November 2012 Indie Next List
“Once again Newbery medalist Cushman takes us back to Elizabethan England, this time to 1599, when Will Sparrow has been traded by his father to an innkeeper in exchange for ale. After stealing some food from the innkeeper, Will fears that he will be sold again, so he runs away. Life on the run is filled with adventure, danger, and hunger. Will becomes attached to an Elizabethan fair troupe with an unusual cast, including a hairy girl, a juggler, and a pig. An intriguing story for middle readers who will find this tale a fun medieval romp.”
— Shirley Mullin, Kids Ink, Indianapolis, IN
In his thirteenth year, Will Sparrow, liar and thief, becomes a runaway. On the road, he encounters a series of con artists a pickpocket, a tooth puller, a pig trainer, a conjurer and learns that others are more adept than he atlying and thieving. Then he reluctantly joins a traveling troupe of "oddities," including a dwarf anda cat-faced girl, holding himself apart from the "monsters" and resolving to be on guard against further deceptions. At lastWill isforced to understand that appearances are misleading and that he has been his own worst deceiver. The rowdy world of market fairs in Elizabethan England is the colorful backdrop for Newbery medalist Cushman'snewcomic masterpiece.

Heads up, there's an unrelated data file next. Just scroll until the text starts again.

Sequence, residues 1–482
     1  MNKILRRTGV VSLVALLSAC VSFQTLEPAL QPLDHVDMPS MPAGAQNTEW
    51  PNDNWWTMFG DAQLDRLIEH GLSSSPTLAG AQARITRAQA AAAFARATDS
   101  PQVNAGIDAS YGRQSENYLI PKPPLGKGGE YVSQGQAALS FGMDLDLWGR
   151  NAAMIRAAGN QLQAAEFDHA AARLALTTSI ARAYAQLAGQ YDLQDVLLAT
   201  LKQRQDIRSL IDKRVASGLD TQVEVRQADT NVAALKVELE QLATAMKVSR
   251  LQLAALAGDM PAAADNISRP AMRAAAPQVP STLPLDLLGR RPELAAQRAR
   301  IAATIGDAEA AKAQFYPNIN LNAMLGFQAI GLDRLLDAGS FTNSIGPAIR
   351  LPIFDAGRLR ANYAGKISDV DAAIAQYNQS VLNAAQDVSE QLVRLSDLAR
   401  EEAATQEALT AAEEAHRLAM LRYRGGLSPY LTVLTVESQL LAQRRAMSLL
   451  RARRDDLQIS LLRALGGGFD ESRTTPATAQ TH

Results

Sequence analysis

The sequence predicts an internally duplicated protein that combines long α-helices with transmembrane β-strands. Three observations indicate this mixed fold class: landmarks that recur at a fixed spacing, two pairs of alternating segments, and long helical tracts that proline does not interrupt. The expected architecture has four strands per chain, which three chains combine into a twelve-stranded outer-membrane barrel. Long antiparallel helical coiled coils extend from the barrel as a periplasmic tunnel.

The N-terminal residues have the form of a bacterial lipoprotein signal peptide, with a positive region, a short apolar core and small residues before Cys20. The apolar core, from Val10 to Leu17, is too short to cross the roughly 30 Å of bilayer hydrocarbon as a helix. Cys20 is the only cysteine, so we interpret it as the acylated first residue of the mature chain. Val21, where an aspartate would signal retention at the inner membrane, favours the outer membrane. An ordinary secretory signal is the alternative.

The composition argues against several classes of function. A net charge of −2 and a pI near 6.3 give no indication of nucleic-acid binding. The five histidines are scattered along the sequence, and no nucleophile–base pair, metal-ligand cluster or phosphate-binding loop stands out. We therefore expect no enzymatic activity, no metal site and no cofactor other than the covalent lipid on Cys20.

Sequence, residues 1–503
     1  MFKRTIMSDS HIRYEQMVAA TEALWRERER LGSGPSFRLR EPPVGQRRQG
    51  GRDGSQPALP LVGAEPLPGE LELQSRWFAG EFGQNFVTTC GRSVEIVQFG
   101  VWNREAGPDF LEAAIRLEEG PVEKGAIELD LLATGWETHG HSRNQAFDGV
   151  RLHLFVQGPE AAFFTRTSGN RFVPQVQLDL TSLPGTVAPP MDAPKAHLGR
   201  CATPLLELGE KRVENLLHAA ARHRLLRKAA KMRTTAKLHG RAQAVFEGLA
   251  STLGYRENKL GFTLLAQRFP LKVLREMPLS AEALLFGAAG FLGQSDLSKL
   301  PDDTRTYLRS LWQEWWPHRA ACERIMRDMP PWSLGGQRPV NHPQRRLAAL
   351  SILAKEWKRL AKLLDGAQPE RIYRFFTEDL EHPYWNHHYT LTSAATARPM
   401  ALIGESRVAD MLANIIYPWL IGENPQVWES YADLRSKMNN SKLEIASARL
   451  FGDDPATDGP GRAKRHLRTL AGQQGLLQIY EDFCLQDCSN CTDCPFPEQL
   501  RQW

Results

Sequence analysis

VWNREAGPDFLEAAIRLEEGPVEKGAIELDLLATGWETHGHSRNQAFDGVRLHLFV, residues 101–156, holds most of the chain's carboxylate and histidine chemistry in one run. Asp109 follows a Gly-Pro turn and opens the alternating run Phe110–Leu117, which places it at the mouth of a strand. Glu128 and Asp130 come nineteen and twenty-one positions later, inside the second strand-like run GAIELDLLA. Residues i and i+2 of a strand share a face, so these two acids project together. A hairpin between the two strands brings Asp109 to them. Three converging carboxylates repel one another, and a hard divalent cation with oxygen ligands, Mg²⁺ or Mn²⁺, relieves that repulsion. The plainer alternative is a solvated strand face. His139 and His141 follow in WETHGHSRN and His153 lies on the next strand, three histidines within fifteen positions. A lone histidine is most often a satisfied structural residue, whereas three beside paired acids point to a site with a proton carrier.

"A compelling coming-of-age road trip."
"Set in Elizabethan England, the novel is built upon Cushman's thorough research and solid understanding of the period."
"[Cushman] manages the tricky balance of keeping her characters engaging and understandable for her audience while still making them very much of their time."
"Fascinating, sometimes seemingly preposterous, details are solidly corroborated in the informative author's note that reflects Cushman's extensive research."
—School Library Journal
"Offering action, humor, and heart in equal doses, Cushman's story is, at its core, about creating and claiming a family of one's own."
—Publishers Weekly, starred review
"Lively and amusing . . . . [Cushman's] details have the surprising aptness of an Elizabeth Enright story—or, to step outside children's books, a Raymond Chandler novel."
—The New York Times Book Review
“Karen Cushman is a master of portraying personal transformation. . . . A warmhearted portrait of a boy coming to terms with himself and the world.”
—Historical Novels Society
"As usual, Cushman is adept at bringing the past to vivid life, with evocative details from daily Elizabethan life and authentic, often humorous dialogue."